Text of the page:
The mechanistic models included in the IRMDSS framework include:

Reservoir Model

A reservoir model is a computer model that is used to simulate the reservoir pressure, fluid flow, and other flow properties within the reservoir based on the geological conditions (natural containment features), engineered components (man-made features), and operational activities. The construction of a reservoir model is based on existing data but the goal of reservoir modeling is to be able to predict reservoir conditions in the future.

The software used in this project for the reservoir model is iTOUGH2, which provides inverse capabilities for the TOUGH simulator,  a non-isothermal multiphase and multicomponent numerical simulator developed the Lawrence Berkeley National Laboratory.

Geomechanical Model

A geomechanical model is a computer model that is used to simulate the stress and deformation in the reservoir and overburden due to activities within or above the reservoir (e.g., gas injection or withdrawal in this project). The deformation will lead to porosity and permeability changes, which may affect reservoir performance (fluid flow).

The software used in this project for geomechanical modeling is TOUGH-FLAC, which is a coupling of TOUGH and FLAC3D. FLAC3D is a commercial numerical modeling software for geotechnical analyses of soil, rock, groundwater, structures, and ground support.

Wellbore Model

A wellbore model is a computer model that is used to predict pressure and temperature response patterns under normal and/or abnormal (leaking) flow conditions within wellbores.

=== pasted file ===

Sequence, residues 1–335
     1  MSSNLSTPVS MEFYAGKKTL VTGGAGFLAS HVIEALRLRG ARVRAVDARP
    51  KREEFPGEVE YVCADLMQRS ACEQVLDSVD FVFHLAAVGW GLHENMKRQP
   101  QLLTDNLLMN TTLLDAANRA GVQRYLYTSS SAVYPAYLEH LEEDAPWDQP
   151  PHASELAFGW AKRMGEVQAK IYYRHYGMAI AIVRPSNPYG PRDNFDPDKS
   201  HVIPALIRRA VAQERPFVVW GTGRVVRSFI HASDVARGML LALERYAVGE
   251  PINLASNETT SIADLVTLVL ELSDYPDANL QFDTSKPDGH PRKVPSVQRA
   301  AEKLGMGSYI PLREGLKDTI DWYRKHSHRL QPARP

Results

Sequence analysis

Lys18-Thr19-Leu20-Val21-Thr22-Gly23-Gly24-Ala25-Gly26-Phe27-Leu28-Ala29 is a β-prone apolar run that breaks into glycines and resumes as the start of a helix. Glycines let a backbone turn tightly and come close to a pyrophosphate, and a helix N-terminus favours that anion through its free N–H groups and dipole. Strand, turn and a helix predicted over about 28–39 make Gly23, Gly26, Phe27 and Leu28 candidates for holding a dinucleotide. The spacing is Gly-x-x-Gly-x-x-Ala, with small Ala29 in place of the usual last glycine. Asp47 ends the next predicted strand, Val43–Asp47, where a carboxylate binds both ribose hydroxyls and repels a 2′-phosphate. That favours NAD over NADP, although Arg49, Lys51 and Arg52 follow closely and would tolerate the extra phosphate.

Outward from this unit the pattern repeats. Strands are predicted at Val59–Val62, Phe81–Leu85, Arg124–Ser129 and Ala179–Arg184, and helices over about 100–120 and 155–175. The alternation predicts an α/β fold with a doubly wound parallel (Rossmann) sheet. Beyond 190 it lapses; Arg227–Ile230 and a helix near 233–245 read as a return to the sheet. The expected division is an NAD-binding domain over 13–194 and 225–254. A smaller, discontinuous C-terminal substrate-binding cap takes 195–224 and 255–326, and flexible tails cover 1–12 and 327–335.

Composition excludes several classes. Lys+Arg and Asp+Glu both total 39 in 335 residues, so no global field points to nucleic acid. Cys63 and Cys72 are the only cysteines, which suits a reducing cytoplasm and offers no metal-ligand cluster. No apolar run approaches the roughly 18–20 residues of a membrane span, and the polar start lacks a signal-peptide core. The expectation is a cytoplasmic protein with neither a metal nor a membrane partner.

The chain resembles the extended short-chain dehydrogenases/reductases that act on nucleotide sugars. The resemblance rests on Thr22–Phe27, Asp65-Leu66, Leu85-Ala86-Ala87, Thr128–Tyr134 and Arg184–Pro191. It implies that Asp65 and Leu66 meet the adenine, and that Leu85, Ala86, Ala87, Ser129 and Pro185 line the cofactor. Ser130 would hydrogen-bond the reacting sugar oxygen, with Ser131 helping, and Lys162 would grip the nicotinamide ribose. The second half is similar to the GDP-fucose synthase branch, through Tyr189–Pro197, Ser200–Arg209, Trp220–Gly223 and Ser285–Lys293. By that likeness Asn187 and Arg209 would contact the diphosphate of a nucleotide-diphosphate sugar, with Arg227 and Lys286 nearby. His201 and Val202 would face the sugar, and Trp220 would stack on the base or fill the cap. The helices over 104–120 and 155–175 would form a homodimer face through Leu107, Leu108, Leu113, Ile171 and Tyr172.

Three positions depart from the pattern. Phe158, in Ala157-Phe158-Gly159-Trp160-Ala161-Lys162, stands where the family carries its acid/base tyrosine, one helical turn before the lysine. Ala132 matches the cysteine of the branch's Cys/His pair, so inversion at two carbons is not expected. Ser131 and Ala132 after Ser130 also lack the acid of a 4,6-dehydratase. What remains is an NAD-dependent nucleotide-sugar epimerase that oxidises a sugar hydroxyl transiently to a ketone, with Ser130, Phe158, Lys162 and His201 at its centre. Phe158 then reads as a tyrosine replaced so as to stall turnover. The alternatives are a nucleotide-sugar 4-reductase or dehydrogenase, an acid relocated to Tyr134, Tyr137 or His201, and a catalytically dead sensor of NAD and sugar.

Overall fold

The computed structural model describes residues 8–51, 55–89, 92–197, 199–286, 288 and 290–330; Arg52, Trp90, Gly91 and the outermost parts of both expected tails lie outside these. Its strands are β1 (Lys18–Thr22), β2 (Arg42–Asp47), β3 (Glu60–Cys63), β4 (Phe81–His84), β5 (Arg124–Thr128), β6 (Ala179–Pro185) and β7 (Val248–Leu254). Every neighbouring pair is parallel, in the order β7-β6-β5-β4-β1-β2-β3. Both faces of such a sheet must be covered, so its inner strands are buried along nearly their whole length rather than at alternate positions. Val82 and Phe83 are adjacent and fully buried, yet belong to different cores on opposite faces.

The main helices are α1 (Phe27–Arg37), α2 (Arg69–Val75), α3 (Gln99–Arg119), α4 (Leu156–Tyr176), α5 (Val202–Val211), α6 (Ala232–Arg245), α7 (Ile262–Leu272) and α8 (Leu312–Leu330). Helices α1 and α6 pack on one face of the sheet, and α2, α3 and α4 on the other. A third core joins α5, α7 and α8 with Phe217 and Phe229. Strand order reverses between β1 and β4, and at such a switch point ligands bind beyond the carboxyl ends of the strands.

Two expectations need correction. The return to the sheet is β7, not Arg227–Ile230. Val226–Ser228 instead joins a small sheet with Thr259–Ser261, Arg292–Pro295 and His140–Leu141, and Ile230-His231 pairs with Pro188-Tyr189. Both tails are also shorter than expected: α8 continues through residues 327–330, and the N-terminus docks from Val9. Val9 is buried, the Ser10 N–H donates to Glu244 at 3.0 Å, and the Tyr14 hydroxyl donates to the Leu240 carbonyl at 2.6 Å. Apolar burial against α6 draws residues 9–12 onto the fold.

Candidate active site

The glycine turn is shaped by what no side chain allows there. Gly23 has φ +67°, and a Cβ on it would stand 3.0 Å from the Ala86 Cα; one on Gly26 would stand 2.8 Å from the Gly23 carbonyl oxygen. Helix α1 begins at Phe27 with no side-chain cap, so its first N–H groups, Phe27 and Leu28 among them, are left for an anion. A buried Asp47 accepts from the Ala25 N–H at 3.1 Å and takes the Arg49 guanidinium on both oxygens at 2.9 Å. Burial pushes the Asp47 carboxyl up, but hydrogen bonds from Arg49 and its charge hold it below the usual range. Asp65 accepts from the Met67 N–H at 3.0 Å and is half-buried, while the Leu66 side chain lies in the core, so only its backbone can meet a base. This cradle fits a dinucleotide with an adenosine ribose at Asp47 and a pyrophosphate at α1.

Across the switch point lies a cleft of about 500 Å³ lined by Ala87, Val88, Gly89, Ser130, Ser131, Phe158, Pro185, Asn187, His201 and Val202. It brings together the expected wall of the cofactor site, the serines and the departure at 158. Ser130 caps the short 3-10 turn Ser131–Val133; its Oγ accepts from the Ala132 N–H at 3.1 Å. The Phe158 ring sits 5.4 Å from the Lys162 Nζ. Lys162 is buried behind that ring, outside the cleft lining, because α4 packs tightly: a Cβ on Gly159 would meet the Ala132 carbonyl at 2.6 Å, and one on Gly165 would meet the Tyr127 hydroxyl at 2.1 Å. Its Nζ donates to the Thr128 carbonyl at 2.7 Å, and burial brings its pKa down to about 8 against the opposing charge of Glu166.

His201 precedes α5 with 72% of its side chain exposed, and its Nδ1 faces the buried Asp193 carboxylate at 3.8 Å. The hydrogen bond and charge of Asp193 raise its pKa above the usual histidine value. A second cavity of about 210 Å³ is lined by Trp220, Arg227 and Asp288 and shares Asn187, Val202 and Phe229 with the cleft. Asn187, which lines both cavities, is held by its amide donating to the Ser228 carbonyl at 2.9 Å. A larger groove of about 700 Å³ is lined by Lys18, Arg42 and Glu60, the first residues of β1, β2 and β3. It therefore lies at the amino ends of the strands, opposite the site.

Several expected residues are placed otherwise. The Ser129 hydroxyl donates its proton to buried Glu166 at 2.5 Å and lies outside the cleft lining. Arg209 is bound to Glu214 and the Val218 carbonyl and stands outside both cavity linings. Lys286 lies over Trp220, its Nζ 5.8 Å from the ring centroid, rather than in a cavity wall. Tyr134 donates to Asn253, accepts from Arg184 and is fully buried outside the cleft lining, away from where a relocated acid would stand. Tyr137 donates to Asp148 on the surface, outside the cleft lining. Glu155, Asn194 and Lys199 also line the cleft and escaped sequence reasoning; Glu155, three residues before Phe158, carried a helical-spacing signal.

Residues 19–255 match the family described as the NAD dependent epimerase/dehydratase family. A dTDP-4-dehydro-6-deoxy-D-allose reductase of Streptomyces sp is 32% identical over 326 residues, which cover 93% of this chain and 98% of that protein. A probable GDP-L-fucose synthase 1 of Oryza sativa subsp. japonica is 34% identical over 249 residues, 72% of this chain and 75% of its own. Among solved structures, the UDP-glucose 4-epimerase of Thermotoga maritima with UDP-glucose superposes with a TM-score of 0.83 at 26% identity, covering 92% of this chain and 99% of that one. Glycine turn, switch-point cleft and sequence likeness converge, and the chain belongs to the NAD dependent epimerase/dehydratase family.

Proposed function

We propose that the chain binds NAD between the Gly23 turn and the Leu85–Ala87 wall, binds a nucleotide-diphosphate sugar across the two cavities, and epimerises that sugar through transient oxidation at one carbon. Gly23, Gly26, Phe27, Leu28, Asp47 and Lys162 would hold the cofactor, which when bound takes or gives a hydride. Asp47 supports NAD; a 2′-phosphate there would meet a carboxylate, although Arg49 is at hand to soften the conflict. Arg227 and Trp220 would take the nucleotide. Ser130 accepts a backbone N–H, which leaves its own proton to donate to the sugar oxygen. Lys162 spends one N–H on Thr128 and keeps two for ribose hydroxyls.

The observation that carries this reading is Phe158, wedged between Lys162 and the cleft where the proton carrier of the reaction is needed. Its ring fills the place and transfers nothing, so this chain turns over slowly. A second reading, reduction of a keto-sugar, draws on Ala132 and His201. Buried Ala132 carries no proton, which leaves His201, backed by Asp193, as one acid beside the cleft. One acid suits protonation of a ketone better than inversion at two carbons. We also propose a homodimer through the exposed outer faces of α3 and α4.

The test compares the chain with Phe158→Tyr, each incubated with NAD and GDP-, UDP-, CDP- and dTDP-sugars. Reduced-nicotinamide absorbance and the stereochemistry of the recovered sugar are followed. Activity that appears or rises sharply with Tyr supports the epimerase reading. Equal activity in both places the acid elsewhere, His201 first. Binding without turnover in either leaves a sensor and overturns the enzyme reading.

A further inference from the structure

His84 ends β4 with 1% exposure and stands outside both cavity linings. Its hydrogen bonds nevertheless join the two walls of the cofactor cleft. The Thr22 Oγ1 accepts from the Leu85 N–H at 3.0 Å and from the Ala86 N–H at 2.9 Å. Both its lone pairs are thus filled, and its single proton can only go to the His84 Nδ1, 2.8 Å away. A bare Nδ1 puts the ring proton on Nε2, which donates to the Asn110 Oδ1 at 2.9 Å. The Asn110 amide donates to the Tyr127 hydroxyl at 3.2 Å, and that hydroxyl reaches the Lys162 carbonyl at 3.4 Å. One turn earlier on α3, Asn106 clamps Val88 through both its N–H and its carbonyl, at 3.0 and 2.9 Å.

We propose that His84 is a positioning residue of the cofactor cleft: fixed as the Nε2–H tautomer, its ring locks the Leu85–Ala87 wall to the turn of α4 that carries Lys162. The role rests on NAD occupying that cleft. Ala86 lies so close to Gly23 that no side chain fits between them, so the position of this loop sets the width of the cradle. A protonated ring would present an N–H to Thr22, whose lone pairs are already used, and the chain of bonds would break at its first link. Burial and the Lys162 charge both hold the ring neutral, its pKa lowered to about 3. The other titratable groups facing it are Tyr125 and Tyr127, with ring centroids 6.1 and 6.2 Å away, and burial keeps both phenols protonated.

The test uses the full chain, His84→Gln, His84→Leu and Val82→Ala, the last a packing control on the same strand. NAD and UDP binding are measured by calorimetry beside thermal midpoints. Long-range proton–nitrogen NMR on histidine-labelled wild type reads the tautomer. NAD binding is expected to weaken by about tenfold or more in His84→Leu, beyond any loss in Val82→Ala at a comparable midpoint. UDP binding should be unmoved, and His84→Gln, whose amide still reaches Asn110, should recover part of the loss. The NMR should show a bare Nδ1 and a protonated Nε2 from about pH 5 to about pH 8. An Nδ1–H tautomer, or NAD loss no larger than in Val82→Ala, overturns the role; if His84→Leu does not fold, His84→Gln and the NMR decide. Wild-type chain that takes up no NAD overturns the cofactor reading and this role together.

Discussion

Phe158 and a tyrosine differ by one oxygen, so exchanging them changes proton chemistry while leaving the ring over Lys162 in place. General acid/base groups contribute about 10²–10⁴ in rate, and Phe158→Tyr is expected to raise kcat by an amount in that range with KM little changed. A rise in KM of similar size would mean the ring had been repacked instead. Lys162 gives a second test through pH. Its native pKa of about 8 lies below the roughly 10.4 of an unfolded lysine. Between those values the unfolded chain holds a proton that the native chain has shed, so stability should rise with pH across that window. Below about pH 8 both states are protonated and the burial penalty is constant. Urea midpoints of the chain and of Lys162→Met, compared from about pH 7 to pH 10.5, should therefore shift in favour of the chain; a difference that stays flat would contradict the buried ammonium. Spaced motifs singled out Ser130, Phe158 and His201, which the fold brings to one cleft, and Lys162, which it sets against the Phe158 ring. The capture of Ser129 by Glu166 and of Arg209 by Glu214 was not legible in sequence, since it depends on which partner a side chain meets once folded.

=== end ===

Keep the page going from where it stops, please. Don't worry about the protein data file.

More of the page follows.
In this project, T2Well (Pan and Oldenburg, 2014), a wellbore model developed at the Lawrence Berkeley National Laboratory, is used for simulating wellbore flow processes. The model can be used to evaluate the effectiveness of possible safety measures and wellbore configurations (e.g., down hole safety valve, flooding annulus with water and proper tubing size, etc.) and design optimal injection and withdrawal operations. In addition it can simulate various pressure control procedures (aka well kills) for leaking wells and identify optimal kill procedures for each type of well configuration and gas storage system to minimize the impacts of well failure.

Geo-hazard Analysis

Geo-hazard in this framework includes seismic, fault displacement and earthquake-induced landslide hazard. As a demonstration, a long-term probabilistic geo-hazard analysis method is developed for the Honor Rancho site.

Figure 1: Reservoir model 2D grid
Figure 2: Geomechanical model
Figure 3: sketch of a well for wellbore model
Figure 4: 3D trace of a modeled well
Figure 5a: Seismic Hazard Curves for mean, median, and 5th, 15th, 85th and 95th percentiles
Figure 5b: Fault displacement hazard curve for San Gabriel fault. For demonstration of PFDHA, it was assumed that the San Gabriel fault intersected well WEZU-7 (API 03710667) at -118.580361, 34.448127.
Figure 6: Landslide displacement triggered from 475-year peak ground acceleration of 0.66g.
Figure 7: Landslide displacement triggered from 2,475-year peak ground acceleration of 1.14g.





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